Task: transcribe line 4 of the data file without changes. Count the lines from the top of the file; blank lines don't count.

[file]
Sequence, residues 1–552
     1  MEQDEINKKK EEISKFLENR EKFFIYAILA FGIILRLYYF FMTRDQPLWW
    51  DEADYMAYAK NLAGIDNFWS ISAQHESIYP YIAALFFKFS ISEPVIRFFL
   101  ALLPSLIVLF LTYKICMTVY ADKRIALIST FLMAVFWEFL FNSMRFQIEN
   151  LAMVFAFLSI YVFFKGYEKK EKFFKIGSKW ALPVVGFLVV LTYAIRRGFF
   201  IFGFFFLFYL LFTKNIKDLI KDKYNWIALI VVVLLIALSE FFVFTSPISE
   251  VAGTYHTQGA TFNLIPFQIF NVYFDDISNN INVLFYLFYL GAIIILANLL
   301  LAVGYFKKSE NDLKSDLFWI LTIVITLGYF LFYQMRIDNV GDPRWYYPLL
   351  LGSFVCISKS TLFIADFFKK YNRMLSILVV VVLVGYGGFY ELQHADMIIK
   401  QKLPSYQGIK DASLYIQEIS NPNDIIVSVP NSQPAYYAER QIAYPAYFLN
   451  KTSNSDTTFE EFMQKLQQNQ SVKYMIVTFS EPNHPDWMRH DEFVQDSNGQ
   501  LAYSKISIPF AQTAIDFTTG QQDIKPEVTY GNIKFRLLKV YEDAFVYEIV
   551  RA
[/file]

   101  ALLPSLIVLF LTYKICMTVY ADKRIALIST FLMAVFWEFL FNSMRFQIEN